If the government is insistent on children sitting Sats, is Year 6 the best time to do them?
I don't think so. While now is not the time to make the change because schools have so much else logistically on our plates with the current crisis - moving more exams would create more upheaval - this shocking hiatus in our lives has forced us to reflect deeply about so much we took for granted. Out of the many ‘what ifs’ it has thrown at the education community, ‘what if we moved the Sats?’ is one that could be worth considering.
If we have to do them at all, it makes much more sense to do them in Year 7. Here's why.
1. Remove curriculum narrowing and teaching to the test
Like it or not, to some degree Year 6 Sats will dominate a child’s experience of their last year of school.
The best schools will bear the brunt of the external pressure for results without passing that pressure onto the students, understanding that Year 6 should be a joyous celebration of what has been learned, a curiosity-enhancing exploration of what is to come and a challenging preparation for the next steps into secondary learning.
However, it will be a rare school that in some way is not explicitly preparing students for the Sats, and many will be tempted into teaching to the test.
In these cases, a reductive, narrowed curriculum with repeated drilling and test papers turns the Year 6 classroom from a place of discovery and introduction to a wider curriculum of the kind pupils may encounter in secondary school, into a place where there is, to borrow a phrase from teacher blogger David Thomas “no room to teach anything except the assessment objectives being examined [which] only measure generic skills".
Moving Sats to the start of Year 7 would get rid of teaching to the test in Year 6 – and indeed any teaching that did not have long-term learning in mind.
2. Accuracy of assessment
Where schools are narrowing the curriculum and teaching to the test, the Sats results may be more likely to demonstrate performance rather than learning, as explained by Nicholas Soderstrom and Robert Bjork in their 2015 research paper.
Of course, this is understandable in a system in which schools are judged by their results. As Thomas puts it, “school leaders are under pressure to achieve good exam results, and so orient their schools around exam performance.
"They measure pupils in all year groups against the assessment objectives from exams, and expect teachers to teach to these objectives too.”
However, if we accept Ofsted’s current preferred definition that learning is "an alteration in long-term memory”, then the Year 6 Sats run the risk of measuring performance rather than learning.
Most secondary schools recognise the summer drop and do their own baseline testing in Year 7 anyway to see where the students are really at in September. Why not just have Sats at the start of Year 7 to find out what has really been learned at primary school after the summer break?
3. Purpose of assessment
The Year 6 Sats are primarily used to judge the performance of primary schools in terms of what progress they can make for their students and to form a prediction of GCSE grades to which secondary school teachers are held.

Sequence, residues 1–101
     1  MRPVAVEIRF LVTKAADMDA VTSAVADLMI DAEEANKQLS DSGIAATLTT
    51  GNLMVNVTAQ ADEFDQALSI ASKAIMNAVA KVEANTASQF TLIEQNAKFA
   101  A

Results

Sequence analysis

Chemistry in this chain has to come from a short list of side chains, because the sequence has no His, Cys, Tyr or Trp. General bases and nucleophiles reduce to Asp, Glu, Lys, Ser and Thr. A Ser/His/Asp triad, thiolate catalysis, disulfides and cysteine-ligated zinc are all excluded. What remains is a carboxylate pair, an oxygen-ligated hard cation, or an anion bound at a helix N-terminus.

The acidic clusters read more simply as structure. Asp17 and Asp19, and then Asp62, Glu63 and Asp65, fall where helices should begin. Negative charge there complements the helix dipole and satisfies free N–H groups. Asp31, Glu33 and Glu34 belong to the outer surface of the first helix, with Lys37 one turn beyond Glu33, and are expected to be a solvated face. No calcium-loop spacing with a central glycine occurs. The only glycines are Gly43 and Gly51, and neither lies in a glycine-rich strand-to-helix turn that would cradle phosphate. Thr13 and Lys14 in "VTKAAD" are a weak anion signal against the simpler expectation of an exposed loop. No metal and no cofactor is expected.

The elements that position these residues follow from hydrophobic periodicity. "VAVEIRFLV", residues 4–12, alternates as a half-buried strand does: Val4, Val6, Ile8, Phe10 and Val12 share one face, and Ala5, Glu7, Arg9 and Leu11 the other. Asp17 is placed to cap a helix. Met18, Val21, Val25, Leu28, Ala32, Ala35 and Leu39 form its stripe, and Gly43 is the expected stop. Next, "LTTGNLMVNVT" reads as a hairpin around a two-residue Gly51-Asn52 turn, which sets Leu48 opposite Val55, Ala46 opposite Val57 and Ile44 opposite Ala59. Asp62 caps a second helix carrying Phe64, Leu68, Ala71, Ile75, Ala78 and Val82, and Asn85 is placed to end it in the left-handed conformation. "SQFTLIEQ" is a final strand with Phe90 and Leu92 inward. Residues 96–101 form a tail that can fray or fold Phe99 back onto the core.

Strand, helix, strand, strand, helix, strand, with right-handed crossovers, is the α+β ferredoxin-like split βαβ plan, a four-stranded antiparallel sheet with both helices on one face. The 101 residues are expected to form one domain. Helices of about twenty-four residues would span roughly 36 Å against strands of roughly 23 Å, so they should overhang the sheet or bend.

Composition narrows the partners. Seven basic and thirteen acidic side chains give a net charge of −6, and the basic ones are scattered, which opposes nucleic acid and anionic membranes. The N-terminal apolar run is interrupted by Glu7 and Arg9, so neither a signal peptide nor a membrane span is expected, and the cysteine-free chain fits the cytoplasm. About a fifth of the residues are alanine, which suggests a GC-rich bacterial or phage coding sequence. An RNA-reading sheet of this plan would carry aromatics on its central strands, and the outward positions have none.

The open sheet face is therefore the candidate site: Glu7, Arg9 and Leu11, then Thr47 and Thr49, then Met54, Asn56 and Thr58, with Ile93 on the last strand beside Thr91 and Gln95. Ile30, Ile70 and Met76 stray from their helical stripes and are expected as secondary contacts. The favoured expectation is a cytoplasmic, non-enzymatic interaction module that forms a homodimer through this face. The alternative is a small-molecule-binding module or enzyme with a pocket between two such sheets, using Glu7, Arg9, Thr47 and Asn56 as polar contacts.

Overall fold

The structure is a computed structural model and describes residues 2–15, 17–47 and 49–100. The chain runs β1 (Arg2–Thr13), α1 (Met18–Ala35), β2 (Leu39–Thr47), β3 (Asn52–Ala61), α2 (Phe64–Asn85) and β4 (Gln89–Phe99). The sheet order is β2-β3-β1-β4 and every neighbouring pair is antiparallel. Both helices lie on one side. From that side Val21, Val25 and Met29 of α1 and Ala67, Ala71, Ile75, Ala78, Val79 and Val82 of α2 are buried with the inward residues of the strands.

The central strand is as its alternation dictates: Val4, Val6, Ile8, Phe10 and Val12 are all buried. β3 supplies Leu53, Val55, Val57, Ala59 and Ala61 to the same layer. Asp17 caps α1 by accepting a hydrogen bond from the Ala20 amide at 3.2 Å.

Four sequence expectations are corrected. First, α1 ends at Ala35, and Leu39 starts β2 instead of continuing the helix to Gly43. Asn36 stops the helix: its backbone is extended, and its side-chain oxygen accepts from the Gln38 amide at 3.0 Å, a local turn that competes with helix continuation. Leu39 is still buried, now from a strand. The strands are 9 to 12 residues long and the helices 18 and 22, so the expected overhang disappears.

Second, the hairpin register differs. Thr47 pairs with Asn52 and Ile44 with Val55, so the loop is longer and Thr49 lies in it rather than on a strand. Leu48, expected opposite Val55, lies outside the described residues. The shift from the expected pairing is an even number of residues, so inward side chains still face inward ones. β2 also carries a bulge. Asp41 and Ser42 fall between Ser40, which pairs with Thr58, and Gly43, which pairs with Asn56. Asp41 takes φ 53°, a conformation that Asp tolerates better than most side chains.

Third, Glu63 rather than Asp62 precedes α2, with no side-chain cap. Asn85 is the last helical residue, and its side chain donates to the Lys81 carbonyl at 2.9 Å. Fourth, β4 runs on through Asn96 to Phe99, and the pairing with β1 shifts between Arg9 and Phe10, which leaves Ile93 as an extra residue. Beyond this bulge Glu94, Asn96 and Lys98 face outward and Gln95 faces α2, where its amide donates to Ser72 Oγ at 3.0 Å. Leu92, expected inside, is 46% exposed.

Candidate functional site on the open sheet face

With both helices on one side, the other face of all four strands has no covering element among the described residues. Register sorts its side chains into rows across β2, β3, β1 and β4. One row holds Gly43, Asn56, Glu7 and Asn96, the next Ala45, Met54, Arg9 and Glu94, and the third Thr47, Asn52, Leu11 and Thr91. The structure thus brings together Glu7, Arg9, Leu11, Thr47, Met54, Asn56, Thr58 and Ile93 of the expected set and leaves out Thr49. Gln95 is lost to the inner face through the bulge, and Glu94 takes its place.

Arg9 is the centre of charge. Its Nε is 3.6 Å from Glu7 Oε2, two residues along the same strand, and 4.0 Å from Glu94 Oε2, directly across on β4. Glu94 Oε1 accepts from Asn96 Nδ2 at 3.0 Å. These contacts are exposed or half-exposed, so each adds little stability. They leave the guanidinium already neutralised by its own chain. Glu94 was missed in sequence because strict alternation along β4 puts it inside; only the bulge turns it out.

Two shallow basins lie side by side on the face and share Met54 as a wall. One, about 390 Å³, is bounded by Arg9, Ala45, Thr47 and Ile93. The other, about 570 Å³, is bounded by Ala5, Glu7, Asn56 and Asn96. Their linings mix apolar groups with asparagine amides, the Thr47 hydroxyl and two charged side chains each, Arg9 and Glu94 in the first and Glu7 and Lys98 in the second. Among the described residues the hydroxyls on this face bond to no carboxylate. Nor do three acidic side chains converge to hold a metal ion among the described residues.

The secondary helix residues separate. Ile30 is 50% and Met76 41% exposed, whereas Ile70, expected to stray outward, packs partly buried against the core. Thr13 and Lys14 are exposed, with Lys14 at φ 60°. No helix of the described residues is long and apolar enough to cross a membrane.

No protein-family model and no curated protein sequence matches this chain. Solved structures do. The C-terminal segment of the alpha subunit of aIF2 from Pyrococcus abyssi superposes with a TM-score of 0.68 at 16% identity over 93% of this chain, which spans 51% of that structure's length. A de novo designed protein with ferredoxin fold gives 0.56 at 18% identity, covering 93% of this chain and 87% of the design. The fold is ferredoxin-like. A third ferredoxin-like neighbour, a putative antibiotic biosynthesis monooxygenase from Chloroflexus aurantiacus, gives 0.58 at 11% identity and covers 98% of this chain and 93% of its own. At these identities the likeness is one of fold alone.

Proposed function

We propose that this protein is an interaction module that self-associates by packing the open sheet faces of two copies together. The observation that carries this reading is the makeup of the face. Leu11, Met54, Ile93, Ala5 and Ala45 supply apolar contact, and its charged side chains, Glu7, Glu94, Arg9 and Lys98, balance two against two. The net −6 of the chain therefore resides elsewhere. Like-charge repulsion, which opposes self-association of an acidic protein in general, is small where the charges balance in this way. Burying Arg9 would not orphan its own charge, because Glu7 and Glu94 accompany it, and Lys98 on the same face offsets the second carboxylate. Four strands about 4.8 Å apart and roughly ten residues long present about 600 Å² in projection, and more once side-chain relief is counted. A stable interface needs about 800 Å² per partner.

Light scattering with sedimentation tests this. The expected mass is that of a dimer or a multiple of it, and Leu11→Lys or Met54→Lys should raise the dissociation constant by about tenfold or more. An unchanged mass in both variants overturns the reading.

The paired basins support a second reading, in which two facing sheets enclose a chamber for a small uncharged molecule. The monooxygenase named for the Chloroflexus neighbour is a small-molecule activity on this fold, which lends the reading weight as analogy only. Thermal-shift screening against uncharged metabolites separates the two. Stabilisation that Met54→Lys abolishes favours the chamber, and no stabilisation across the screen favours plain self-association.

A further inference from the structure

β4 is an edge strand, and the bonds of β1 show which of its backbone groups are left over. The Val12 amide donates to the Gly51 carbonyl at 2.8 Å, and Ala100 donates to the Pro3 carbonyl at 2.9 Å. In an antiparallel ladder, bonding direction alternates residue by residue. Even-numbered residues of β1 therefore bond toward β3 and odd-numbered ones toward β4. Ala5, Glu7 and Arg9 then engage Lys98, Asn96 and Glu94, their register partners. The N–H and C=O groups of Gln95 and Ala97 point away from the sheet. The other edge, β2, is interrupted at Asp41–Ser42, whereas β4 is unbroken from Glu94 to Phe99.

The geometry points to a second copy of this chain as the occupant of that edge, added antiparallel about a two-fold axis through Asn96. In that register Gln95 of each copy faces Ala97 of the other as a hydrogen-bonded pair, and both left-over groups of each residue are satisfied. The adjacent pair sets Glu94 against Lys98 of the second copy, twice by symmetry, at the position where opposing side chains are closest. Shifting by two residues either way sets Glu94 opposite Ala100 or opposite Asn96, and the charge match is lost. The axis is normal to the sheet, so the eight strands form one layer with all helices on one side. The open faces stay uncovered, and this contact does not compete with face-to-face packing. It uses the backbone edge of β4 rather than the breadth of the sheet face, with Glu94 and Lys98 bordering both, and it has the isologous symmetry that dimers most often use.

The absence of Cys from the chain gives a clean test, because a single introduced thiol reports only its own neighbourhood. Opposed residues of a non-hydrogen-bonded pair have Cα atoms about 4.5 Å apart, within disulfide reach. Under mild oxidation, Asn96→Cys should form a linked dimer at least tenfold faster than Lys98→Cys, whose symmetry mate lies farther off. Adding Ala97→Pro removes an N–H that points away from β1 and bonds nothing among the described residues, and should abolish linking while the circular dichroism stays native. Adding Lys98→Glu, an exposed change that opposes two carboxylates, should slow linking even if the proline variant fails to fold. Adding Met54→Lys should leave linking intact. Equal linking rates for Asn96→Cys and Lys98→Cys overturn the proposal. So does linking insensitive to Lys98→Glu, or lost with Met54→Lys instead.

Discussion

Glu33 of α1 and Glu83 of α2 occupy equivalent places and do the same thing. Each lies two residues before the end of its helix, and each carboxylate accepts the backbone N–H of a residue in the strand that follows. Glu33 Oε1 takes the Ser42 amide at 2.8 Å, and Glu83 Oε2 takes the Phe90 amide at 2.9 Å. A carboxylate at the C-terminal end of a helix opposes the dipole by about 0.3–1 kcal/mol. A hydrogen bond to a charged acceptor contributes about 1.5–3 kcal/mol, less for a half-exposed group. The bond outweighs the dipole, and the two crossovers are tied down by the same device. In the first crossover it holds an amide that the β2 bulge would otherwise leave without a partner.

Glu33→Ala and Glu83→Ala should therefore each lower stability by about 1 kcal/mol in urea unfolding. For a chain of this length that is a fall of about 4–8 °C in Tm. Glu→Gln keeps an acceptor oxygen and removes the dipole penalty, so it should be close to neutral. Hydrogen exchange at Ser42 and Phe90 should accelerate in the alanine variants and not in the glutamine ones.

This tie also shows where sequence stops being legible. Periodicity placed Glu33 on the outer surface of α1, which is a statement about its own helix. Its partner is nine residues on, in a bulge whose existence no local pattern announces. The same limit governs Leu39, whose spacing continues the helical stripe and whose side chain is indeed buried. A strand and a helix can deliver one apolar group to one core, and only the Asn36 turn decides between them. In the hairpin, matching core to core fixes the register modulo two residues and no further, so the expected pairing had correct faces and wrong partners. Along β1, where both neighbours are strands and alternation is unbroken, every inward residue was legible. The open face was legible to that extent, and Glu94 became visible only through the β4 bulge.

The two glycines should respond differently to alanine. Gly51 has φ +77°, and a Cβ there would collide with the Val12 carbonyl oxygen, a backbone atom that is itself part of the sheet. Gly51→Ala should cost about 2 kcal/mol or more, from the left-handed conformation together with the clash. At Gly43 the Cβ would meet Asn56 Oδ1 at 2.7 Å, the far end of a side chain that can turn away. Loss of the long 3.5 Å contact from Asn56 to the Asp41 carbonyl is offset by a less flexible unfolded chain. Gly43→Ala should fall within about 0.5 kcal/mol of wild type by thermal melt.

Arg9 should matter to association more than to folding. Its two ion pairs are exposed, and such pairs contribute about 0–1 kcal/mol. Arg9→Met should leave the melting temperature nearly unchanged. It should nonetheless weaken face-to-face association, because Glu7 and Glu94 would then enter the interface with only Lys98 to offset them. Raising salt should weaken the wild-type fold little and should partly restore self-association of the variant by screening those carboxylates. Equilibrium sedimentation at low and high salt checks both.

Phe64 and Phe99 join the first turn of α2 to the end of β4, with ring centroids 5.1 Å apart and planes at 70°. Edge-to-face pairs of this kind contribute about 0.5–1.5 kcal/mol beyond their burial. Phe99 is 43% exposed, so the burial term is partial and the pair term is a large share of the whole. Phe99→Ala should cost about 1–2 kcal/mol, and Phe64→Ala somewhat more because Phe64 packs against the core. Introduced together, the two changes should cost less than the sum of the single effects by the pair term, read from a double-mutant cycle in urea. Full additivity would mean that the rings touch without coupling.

Their function seems therefore primarily to assess schools and hold school leaders to account.
What is the benefit to students? Unlike GCSEs or A-Levels, which are entirely externally marked and have an external shared meaning to further and higher education and to employers, acting as a passport to next stages of education, training or work, Year 6 Sats are not a barrier to accessing the next stage of education so do not serve this purpose for students.
Worse, they can label a student as low prior attainment or ‘LPA’ with a low target grade for their GCSEs, leading to more unconscious bias temptation for teachers; or higher prior attainment 'HPA', which can then put pressure on teachers and pupils alike if these pupils do not achieve the predicted grade 9.
Now is the time for change
Are they manageable in terms of making classroom time valuable for learning or do they skew the curriculum in Year 6 away from learning and towards teaching to the test for teachers under pressure for results?
And motivating…well, how motivating do you think it is for your average ten year old to be constantly being taught to the test? How motivating for their teacher to be tasked to do so?
Moving Year 6 Sats to September of Year 7 would (a) show what students had actually learned in primary school if we accept Ofsted’s preferred definition that "learning is a change in long-term memory”; (b) render useless the practice of Year 6 teachers teaching to the test for a performative outcome to benefit the school’s statistics and thus liberate the Year 6 curriculum; and (c) give more realistic GCSE targets for secondary teachers.
The issue with this plan is that it could negatively affect disadvantaged students without home support in their learning the most. While we are thinking outside the box, my solution to this would be to shorten the summer holidays and lengthen the half terms. But that’s another article for another time.